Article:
Month: August 2019

JETAA Prairies Delights Folklorama Patrons

Hinode Taiko performing at the Japanese Pavilion, Folklorama 2019, @ Petrus Hall
Hinode Taiko closing the night with a boom.

After a year-long absence, JETAA Prairies (the local JET alumni for Manitoba and Saskatchewan) returned for this year’s Folklorama. The Japanese Pavilion is one of the most popular pavilions. This year’s iteration took place at the large Petrus Hall on Inkster from August 11th to August 17th. Out of the Japanese Pavilion audience who attended the week-long festivities, over 400 patrons visited the JETAA Prairies table.

What’s New at the JETAA Prairies Table?

JETAA Prairies information table in the culture booth section at the Japanese Pavilion at Folklorama 2019
Our table

Coupled with the traditional brochures and pamphlets, we brought back the Japan map and invited the public to place stars on where they’ve been. We also had an ema made of paper and cardboard. An ema is a small wooden plaque found at Shinto/Buddhist shrines. People write their wishes and hang them at a specific place at the shrine. We asked people to write down their wishes. Here are some of their wishes:

JETAA Prairies Ema full of wishes on August 17th at Petrus Hall, Folklorama
“I wish to get a puppy!”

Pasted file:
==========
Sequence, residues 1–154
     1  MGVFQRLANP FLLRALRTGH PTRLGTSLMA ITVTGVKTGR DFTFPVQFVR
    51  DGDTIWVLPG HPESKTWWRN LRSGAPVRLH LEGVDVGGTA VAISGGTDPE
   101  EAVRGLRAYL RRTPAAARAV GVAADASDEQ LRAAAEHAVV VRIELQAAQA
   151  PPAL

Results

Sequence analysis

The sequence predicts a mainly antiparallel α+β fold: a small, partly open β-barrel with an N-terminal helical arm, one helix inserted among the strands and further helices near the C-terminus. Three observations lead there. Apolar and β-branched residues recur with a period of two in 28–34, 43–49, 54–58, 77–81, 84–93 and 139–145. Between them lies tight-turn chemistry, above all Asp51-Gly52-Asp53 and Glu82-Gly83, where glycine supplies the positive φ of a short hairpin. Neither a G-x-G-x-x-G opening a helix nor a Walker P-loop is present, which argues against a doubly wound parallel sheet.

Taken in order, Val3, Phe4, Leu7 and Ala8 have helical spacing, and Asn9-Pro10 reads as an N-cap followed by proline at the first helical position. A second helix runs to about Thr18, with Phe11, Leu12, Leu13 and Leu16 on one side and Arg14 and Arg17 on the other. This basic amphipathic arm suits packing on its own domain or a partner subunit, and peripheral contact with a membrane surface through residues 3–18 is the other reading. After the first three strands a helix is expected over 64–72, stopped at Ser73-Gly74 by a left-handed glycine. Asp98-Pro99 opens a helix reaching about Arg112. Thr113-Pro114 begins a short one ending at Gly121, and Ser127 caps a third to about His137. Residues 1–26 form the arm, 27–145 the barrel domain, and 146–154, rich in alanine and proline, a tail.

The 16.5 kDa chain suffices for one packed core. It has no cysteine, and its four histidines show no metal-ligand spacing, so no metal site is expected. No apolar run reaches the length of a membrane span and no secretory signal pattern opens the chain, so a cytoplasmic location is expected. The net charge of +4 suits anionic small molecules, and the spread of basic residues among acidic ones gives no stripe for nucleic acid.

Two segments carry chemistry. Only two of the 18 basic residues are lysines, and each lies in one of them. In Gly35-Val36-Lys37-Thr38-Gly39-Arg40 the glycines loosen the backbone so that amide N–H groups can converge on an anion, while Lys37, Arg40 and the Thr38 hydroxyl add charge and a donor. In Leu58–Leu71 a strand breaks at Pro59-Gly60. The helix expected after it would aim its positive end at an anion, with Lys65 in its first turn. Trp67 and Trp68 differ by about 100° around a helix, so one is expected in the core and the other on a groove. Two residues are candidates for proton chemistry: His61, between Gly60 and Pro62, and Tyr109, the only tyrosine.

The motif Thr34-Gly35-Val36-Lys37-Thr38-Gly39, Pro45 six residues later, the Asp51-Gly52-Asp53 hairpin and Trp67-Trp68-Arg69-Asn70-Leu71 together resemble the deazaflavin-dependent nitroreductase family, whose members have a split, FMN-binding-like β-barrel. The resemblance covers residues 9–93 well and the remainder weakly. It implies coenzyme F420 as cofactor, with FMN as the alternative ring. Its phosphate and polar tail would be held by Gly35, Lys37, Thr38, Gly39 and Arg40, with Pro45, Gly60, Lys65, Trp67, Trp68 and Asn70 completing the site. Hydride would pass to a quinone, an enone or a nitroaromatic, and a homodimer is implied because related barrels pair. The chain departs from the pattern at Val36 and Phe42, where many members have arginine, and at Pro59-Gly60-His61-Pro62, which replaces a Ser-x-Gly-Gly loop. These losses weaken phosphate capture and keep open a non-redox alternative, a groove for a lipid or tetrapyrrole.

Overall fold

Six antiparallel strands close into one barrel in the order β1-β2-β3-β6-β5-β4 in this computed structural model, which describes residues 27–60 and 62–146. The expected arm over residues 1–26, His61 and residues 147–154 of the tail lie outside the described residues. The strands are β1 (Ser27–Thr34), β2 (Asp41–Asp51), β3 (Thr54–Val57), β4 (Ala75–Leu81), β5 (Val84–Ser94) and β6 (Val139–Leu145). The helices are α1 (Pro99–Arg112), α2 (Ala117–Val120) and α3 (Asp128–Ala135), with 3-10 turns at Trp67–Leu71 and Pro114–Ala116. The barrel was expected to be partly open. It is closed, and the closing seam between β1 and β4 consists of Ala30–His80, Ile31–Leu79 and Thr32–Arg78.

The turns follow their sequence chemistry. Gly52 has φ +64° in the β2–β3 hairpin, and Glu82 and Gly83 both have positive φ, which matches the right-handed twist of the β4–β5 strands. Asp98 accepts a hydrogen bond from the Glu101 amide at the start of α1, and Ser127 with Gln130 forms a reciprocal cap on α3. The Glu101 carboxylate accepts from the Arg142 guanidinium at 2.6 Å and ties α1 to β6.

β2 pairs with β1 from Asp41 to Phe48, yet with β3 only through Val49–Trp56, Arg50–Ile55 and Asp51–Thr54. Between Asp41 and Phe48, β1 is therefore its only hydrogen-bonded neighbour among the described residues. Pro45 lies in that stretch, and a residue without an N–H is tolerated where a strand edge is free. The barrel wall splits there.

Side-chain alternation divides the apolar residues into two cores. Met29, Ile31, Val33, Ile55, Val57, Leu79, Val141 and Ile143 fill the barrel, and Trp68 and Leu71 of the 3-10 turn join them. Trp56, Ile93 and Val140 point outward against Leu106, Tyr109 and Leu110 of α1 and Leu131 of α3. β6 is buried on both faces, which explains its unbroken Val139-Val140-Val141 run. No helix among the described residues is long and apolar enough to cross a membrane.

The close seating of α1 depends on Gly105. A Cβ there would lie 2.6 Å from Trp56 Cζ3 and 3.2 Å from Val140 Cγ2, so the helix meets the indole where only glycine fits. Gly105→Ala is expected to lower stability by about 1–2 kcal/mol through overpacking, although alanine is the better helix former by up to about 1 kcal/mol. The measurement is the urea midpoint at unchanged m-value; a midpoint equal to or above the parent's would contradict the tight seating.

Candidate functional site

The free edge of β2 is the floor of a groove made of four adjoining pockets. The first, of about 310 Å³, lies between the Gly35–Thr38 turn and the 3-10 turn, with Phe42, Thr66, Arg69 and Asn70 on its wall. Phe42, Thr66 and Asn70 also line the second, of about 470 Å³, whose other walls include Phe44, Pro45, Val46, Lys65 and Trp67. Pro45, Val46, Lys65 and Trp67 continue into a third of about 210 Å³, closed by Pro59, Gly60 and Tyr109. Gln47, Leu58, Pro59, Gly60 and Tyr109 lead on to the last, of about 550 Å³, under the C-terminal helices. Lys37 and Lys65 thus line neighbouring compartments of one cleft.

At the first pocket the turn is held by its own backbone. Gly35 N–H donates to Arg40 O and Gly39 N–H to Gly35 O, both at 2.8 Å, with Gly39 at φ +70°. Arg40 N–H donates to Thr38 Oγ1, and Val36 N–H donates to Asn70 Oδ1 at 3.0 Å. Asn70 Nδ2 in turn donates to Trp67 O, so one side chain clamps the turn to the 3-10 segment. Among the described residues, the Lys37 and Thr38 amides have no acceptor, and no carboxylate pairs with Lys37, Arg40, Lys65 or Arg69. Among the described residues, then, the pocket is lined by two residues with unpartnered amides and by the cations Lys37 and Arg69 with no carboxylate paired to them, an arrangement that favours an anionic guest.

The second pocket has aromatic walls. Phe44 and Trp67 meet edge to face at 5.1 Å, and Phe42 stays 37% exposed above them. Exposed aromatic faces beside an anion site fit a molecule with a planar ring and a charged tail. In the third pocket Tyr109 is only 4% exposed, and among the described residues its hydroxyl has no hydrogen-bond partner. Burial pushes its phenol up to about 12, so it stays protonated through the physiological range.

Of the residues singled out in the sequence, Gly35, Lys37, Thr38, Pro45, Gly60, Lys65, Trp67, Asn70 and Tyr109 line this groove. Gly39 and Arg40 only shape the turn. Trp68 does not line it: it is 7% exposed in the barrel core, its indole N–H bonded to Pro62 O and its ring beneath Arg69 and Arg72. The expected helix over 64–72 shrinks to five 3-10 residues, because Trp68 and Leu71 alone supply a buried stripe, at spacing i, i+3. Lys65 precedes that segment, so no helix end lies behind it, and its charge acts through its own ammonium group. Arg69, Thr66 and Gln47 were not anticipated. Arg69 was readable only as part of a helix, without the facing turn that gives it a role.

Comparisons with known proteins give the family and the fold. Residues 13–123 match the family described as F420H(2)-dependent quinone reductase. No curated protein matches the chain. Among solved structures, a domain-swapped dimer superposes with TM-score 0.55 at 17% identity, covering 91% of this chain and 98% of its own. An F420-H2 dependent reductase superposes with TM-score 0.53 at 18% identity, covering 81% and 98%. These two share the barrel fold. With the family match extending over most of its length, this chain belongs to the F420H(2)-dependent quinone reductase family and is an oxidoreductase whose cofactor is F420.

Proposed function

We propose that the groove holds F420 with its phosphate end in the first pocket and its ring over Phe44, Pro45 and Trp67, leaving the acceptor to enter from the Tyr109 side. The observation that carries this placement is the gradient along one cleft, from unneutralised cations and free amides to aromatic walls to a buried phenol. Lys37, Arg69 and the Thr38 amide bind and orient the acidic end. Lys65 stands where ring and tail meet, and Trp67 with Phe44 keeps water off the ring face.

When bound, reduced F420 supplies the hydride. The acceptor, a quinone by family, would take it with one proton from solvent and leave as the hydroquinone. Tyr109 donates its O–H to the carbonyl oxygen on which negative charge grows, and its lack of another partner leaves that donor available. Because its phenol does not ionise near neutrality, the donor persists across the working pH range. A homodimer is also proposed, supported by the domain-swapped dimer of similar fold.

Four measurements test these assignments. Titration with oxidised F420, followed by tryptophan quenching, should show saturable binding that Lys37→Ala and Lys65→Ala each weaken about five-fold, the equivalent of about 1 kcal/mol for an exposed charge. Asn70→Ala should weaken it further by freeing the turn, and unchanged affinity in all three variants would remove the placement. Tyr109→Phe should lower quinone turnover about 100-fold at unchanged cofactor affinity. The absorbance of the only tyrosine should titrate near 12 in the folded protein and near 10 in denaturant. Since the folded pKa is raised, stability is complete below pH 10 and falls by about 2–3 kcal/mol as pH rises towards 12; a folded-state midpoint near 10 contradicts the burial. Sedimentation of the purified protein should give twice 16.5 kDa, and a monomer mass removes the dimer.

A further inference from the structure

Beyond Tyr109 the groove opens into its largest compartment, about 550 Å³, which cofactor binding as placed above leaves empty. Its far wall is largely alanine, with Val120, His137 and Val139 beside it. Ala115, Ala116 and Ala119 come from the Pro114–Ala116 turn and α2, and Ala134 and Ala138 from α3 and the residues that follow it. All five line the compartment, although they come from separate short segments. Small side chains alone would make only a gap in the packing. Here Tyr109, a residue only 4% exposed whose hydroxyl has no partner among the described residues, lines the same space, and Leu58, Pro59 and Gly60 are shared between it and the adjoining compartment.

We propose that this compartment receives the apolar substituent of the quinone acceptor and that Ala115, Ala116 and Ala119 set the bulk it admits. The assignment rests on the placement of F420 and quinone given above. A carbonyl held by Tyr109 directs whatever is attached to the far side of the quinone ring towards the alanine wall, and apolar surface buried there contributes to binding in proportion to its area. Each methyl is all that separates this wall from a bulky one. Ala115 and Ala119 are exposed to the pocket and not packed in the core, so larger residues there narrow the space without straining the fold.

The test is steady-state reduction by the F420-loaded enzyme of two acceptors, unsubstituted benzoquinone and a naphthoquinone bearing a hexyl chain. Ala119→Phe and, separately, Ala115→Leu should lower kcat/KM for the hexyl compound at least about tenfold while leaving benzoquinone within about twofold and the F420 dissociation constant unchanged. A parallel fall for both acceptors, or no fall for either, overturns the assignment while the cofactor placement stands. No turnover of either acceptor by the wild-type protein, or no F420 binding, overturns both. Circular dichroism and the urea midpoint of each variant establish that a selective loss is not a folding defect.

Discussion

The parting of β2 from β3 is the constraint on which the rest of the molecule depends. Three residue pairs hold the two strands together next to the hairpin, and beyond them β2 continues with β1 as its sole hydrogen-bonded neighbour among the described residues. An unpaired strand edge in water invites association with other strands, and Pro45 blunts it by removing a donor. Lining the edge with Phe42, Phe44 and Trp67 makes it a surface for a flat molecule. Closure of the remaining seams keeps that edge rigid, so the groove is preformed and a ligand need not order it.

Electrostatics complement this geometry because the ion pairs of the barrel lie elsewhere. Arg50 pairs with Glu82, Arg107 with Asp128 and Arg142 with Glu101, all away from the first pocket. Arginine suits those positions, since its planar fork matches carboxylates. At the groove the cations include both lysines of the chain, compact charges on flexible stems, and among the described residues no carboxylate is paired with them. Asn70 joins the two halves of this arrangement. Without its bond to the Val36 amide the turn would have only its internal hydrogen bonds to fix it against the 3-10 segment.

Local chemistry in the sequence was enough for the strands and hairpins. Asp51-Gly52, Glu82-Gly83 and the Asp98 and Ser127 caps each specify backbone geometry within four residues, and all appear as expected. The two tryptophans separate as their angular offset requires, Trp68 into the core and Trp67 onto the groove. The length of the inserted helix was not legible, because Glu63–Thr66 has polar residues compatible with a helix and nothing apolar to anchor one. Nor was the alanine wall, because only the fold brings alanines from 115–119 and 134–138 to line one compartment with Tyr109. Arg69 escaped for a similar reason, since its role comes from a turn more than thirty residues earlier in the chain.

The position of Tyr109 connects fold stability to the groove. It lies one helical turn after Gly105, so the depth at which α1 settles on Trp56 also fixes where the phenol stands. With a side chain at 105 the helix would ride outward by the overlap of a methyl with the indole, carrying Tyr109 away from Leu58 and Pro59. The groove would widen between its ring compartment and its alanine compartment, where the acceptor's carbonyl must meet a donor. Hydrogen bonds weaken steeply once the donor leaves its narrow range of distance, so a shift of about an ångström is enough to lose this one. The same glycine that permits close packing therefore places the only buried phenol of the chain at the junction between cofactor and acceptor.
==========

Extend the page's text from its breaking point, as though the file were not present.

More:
“I wish to get a horse!”
“Let’s go to Japan!”
“Follow me on Instagram…”
JETAA Prairies map on the final night of the Japanese Pavilion, Folklorama 2019, atPetrus Hall, August 17th.
The map on the final night.

The Entertainment and the Food/Refreshments

In terms of entertainment, this year’s Japanese Pavilion provided folk dancing performances, martial arts demonstrations (judo and karate), and even an idol dance group. After those performances, the final act of the show is the thunderous sounds of Hinode Taiko. Also, the Pavilion offered Japanese food like sushi, Japanese beer, and kakigori (shaved ice flavoured with syrup).

A Diverse Group of People

Interestingly, we met a diverse group of people who have Japan as part of their lives. Firstly, we met people who are planning to apply for the JET Programme this year (or the following year). Secondly, we met people who had lived and worked in Japan via a private teaching company and we also met a former JET from the late 90s! Lastly, a teen stopped by and explained that her parents were both JETs! For the most part, JET alumni enjoyed their interactions with the crowd.


By the end of the week, the people filled our Japan map with stars and ema. We even ran out of JET pamphlets towards Friday! Good thing we’ve found a pile of them in one alumni’s home. Above all, JETAA Prairies would like to thank JCAM (Japanese Cultural Association of Manitoba) for allowing us to have a presence at the Japanese Pavilion. Likewise, thank you to all the JETAA Prairies volunteers who administered our table.

Certainly, if you would like to contact JETAA Prairies, please contact us via our Contact Form or our Facebook group.

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